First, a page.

The Congregational Church History in pdf format by Gilbert Knowles
Epsom Churches

PART II - The Congregationalists


An address compiled by Gilbert H. Knowles and delivered by him at the special Anniversary Service held at the site of the first Meeting House, Epsom Center, Sunday, August 20, 1961 at 3:00 pm. The service was arranged by the Union Congregational Church of New Rye, Rev.H. Franklin Parker, Pastor. [note: he gave a similar address in 1975 to the Epsom Historical Association using these and a few additional notes written in the margins, below is a combination of all his remarks.]

As one who has long been interested in local history I was naturally pleased when I learned that the New Rye Church was taking cognizance of the 200th Anniversary of Congregationalism in the town of Epsom. Epsom was incorporated in 1727 and of course, in 1927 we observed in a big way the 200th anniversary of the town. But Epsom's first minister did not come until 1761. Now that does not mean that the early settlers were without religion or religious leadership; it does mean, I am sure, that the sparsely settled township was unable to support a minister before 1761. There is good evidence that the quota of twenty settled families as required by the charter was not reached until 1750, and I doubt very much if there were more than thirty, or thirty-five families at most, living within the bounds of Epsom at the time the first minister arrived. As early as 1742 it was voted to raise 300 pounds to hire a preacher, but the settles had to wait another nineteen years before a pastor was actually settled.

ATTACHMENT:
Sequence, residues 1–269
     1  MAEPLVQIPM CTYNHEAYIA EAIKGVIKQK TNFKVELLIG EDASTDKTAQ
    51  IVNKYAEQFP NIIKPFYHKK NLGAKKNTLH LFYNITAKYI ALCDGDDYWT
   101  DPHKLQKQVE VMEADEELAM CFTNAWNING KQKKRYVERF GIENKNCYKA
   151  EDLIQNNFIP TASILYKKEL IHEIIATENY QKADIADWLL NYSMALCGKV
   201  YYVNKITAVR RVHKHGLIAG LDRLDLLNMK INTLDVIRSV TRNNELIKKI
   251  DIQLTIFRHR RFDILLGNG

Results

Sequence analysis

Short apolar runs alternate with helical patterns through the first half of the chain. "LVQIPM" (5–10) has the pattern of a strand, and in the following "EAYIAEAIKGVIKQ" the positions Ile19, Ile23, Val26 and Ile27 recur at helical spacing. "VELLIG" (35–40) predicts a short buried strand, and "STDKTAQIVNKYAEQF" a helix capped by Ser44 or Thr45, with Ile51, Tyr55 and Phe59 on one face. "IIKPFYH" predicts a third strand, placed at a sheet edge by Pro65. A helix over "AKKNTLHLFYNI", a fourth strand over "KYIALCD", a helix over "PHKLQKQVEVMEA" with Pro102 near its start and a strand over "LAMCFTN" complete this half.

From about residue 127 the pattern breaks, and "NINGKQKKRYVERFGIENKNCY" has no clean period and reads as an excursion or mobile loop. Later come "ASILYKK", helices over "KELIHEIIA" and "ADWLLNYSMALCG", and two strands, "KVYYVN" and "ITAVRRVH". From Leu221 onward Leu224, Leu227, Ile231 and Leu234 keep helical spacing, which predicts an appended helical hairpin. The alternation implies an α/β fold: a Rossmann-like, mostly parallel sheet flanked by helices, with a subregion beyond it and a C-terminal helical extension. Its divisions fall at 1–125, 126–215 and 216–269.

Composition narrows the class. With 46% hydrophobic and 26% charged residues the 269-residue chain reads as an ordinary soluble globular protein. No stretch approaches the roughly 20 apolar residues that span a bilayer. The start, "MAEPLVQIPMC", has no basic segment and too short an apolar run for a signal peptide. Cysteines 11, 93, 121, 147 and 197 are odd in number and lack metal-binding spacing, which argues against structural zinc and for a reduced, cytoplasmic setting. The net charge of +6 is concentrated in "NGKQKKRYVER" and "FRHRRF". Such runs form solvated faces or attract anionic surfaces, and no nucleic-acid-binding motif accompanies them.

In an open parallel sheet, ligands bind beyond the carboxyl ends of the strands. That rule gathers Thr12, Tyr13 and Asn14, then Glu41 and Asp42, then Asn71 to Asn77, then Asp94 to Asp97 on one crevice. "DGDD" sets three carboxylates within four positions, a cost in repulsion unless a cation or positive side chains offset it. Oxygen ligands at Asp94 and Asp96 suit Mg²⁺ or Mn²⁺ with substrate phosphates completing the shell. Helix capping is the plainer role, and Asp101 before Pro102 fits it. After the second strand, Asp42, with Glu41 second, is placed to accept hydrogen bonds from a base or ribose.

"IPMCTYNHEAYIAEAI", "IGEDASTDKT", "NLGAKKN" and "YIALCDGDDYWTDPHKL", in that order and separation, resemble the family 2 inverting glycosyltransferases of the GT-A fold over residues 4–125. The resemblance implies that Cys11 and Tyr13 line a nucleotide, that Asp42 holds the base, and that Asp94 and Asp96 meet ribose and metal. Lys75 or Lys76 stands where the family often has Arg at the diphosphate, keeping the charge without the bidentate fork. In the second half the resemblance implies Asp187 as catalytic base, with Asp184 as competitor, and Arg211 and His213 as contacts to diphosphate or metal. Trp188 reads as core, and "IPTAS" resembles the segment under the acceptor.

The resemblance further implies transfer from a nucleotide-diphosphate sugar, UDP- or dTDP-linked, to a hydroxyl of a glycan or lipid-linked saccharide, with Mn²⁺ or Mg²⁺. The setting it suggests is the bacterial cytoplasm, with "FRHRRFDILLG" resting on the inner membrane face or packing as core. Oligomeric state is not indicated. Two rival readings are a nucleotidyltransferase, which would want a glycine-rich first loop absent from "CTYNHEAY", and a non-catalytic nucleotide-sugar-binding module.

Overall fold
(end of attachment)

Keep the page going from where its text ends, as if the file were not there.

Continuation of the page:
The first minister's name was Rev. John Tucke, and fortunately many of Mr. Tucke' records are still in existence. They are with the New Hampshire Historical Society. I will tell you how they start off: "April 18, 1761. I went to Epsom to preach. June 25, they gave me a call. August 14, they renewed the call. August 17, I accepted the call. Sept. 23, I was ordained. My venerable father preached the sermon from 2 Timothy 2-1, and then gave me the most sacred charge. The Reverend Mr. Aaron Whittemore gave me the right hand of fellowship."
The Church was organized on the very same day as the ordination and the covenant was signed by the fourteen original members. Since the first meeting house was not built until three years later, 1764, there seems to be no way we can know exactly in what building, or buildings, the very first meetings were held. [note 1975: First meetings were probably held at McClary's Farm Tavern (now land owned by Sirrine)]. There is some basis for the idea that there could have been a small community meeting place here on the hill as early as 1761, or possibly earlier, or, of course, the first meetings could have been held in a private home. The meeting house that was built in 1764 was a building fifty by forty five feet. It is said to have had galleries, square pews and an immense sounding board. I was interested to learn that the town of Loudon in voting some few years later to build its first meeting house, specified that it should be build according to the same plan as the one at Epsom.